Monday, May 10, 2010
Riffing on Oddysey’s latest posts, but going the other way, part of my world design process is deciding just what the language “Common” is. It’s a handy device to make sure everyone can talk to each other, but it also implies something about the setting. The Common tongue grows out of power; everyone speaks it because it was the native tongue of those with some sort of authority. That power could be political, but it could also be commercial, cultural, or religious.
In history, there have been a handful of common tongues. Latin, of course, is the one most folks think of. Not only was it the language of Rome and her empire, but it was bequeathed to the Catholic Church that followed. Most didn’t speak it well in the Middle Ages. It’s common to come across documents written with Latin words but local grammar, which makes understanding a real mess. And the closer you get to the Renaissance, the fewer outside the church who speak it.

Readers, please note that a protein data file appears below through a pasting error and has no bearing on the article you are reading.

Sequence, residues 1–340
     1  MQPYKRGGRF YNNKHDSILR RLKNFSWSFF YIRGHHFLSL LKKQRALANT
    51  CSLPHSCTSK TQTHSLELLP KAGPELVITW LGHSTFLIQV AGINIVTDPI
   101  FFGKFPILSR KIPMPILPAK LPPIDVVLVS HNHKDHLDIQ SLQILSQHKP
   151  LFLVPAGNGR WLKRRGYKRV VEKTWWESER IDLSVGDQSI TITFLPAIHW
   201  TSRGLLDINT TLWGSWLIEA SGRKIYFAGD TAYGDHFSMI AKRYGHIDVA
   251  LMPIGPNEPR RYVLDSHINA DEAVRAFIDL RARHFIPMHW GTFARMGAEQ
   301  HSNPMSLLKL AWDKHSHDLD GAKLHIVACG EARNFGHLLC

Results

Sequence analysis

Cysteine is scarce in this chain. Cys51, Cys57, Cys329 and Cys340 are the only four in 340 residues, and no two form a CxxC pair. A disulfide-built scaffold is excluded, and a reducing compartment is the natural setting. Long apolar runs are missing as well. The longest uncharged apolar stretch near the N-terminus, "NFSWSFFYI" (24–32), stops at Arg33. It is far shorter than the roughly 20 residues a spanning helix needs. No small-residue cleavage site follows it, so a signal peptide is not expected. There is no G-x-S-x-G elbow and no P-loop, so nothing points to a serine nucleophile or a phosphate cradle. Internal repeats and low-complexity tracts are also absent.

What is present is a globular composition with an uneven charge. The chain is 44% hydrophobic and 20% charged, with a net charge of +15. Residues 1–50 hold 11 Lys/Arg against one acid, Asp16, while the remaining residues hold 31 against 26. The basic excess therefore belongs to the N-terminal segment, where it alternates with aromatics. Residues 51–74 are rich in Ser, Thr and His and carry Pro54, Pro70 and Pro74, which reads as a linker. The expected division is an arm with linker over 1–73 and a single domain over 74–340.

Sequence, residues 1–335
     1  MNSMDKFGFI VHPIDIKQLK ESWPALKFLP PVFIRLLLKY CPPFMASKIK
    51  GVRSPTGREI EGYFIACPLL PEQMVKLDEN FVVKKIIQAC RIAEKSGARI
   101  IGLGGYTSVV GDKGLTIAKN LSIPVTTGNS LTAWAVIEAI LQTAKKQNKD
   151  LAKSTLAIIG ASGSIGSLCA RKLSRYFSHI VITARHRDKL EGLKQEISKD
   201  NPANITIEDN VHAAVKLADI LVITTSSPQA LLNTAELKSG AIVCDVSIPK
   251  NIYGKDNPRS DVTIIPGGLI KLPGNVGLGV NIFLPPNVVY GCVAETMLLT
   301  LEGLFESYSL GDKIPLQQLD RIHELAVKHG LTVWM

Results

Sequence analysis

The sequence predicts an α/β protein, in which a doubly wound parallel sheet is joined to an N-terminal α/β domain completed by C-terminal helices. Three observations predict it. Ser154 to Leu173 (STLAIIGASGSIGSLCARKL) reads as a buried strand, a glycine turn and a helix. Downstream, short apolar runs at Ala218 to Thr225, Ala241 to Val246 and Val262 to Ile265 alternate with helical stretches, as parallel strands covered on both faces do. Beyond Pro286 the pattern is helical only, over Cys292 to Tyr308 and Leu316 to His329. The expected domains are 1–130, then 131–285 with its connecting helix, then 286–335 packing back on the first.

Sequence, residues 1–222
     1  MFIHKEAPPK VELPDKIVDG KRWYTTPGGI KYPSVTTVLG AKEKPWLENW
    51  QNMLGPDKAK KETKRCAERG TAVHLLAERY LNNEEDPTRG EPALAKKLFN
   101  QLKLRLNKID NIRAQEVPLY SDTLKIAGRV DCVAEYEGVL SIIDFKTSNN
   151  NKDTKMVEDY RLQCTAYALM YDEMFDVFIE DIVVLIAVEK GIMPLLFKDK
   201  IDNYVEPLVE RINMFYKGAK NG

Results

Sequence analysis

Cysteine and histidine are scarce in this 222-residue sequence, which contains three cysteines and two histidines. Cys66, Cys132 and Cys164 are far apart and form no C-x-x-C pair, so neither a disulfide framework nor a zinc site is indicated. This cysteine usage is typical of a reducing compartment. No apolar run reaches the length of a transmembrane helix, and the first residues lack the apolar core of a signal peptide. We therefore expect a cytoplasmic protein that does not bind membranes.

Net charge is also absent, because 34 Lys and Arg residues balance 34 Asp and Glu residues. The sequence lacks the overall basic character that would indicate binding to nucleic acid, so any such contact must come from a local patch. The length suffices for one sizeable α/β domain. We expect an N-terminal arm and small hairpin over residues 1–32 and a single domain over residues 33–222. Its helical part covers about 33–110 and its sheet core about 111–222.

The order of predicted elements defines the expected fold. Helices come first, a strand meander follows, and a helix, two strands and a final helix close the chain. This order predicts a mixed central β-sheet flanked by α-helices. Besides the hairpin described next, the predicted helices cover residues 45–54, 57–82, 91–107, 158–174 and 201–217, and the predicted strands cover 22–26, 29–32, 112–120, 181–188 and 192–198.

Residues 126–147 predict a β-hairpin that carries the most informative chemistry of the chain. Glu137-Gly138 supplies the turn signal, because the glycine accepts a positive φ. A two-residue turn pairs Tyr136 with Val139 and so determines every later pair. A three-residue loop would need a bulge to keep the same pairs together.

Today, the closest thing the world has to a Common tongue is American English. While the vast American entertainment-industrial complex is primarily responsible, the fact that English is the native language of the ‘net certainly doesn’t hurt.
So we’ve got lots of models to work from when thinking about where Common comes from in a campaign. It can be the language of a great empire, either past or present, of some international organization like a church, or the language of scholars or popular culture. Which it is will define something of your campaign.
Traditionally, the Common tongue has been the language of a fallen empire in my campaigns. That fall wasn’t too long ago; everybody has family history of the days back when the empire still stood, though for short-lived humans that may have been great-great grandfather’s day. In my current Doom & Tea Parties game, Common is the language of the Second Lizardfolk Empire, still standing but also clearly on its last legs. In both cases, the collapse of empire gives the world a Points of Light feel. Pockets of civilization remain, but between them can be seen the unraveling of culture, law, and safety for the common folk, with lots of opportunities for brave (or unscrupulous) adventurers.
UPDATE: How this actually works in the real world: English becomes Globish.
Art by Jean-Leon Gerome and Hermann Meyerheim.